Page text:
The Value Pyramid: Why Your Customers May or May Not Value You

Understanding the value you offer your customers is a cornerstone of successful marketing, and it's hard to pin down. There's a lot more that goes into the psychology of deciding to buy something than just weighing the price.

Marketing strategists have noticed this and noticed that it's not always easy (but always super important) to assess how your customers are perceiving value.


The Different types of Value

There are different types of value:

  1. There's the obvious practical or functional value that a service offers. There are also more psychological aspects of value such as how you feel about using a product, how it can make you feel accomplished or inspired, and if it gives you a sense of community or purpose.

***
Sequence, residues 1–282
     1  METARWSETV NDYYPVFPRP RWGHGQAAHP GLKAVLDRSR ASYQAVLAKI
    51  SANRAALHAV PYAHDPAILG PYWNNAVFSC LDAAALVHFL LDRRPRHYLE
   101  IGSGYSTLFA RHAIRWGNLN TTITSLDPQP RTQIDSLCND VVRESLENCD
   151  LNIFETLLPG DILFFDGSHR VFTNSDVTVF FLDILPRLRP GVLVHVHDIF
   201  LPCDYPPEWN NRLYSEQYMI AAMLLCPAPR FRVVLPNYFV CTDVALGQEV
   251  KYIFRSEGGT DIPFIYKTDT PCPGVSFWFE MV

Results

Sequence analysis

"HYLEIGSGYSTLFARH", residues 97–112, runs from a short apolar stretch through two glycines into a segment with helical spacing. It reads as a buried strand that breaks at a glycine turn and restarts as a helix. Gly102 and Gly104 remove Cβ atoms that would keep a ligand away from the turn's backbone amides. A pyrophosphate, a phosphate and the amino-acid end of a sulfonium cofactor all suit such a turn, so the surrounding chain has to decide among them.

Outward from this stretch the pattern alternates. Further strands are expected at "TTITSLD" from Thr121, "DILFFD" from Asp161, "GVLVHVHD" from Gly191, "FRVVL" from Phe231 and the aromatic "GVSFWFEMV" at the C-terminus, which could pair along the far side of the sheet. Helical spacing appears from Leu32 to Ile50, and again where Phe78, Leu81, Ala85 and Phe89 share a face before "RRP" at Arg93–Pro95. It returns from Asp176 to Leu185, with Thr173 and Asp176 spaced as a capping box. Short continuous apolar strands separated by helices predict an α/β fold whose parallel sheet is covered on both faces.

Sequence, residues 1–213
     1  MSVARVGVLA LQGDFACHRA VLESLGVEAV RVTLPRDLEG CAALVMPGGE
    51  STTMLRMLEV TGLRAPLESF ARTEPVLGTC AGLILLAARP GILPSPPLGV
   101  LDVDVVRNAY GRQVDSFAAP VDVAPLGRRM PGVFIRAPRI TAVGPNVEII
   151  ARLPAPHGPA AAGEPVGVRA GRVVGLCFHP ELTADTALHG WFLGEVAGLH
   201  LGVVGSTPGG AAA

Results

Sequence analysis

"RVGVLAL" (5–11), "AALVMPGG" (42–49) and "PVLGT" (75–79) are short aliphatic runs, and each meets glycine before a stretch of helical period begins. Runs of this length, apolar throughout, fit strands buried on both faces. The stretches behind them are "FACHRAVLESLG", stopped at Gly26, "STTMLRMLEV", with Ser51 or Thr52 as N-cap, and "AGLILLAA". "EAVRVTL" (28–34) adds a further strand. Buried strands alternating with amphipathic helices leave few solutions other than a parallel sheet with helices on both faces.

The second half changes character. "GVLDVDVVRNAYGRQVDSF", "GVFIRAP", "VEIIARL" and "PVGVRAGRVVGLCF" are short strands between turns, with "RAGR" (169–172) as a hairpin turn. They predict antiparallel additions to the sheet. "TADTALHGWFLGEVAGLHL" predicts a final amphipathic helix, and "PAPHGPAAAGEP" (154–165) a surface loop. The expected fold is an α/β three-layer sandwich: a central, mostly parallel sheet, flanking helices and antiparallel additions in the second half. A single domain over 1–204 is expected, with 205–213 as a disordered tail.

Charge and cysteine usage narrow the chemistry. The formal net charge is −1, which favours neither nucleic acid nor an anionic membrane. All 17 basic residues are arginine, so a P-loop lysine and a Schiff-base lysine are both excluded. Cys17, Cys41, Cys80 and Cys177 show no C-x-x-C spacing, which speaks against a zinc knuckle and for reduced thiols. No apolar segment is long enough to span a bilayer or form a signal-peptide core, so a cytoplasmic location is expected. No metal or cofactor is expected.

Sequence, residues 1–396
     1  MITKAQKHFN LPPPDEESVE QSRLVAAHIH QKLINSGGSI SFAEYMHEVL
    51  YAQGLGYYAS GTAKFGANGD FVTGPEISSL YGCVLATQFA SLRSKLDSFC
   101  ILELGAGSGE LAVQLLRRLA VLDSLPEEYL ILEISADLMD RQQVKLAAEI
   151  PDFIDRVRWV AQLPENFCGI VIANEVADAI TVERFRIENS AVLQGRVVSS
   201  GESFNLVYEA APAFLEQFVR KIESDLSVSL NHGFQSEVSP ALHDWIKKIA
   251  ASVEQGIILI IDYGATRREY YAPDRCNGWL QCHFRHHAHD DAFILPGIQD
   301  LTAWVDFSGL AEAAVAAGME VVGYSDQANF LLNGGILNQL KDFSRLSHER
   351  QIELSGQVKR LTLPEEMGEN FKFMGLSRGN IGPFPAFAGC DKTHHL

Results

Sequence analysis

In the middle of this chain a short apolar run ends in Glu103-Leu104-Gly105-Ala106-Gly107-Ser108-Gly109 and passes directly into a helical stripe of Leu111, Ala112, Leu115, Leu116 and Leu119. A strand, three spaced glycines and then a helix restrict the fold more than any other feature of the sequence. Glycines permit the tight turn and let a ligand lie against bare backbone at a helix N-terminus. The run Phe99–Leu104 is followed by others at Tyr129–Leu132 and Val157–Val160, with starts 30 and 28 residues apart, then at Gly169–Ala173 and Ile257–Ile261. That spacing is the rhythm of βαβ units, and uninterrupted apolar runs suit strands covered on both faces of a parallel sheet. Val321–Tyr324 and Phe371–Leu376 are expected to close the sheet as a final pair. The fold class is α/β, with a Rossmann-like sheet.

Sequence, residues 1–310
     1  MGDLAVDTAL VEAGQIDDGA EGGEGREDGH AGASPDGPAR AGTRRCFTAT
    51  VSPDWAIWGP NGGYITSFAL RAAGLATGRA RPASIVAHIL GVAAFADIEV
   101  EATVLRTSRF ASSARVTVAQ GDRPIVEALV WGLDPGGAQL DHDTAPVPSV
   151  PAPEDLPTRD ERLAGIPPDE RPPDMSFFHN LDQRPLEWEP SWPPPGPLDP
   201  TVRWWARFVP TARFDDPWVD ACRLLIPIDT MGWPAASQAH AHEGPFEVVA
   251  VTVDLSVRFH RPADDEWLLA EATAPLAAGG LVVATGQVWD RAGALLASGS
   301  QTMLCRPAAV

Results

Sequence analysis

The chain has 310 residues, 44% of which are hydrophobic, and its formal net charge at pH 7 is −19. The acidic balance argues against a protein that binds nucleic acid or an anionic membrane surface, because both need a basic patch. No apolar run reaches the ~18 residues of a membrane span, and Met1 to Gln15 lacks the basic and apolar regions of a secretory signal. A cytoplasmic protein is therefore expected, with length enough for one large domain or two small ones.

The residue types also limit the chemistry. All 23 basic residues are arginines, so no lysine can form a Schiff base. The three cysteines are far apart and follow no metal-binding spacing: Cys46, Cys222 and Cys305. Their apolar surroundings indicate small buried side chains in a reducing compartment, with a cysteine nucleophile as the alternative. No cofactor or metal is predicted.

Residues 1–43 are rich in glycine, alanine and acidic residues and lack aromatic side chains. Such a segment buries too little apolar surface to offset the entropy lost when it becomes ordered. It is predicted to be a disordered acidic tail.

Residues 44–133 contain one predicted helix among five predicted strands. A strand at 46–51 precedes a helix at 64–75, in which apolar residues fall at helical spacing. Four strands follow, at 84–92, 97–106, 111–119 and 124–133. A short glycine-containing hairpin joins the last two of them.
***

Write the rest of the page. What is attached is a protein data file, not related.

2. Emotional value
  3. Life-changing value, and
  4. Social impact value


The Value Pyramid

To navigate these important and diverse elements of value, the people at Harvard Business Review have come up with something called The Elements of Value Pyramid. It helps make it easier to pin down what customers are looking for when they assess the value of a good or service. Here it is:

The Elements of Value Pyramid by Harvard Business Review


***Note: If the pyramid and its accompanying jargon remind you a little of the Maslow's hierarchy of needs you learned about in Psych 101, it's for good reason. It was based on the hierarchy of needs format and carries some of the same themes: for example, you'll notice that self-actualization, an idea coined by Maslow, is actually an element within the pyramid. Also, this pyramid follows the same heuristic theme as Maslow's, meaning you need to fulfill the basics (things at the bottom of the pyramid) before you can aim for higher level elemens. We'll dive into that soon.  


How To Read It

Looking at the pyramid bottom to top, you'll see thirty elements that marketers have honed in on as the main ways customers derive value from a good or service. These value elements work as building blocks and can be combined for any service.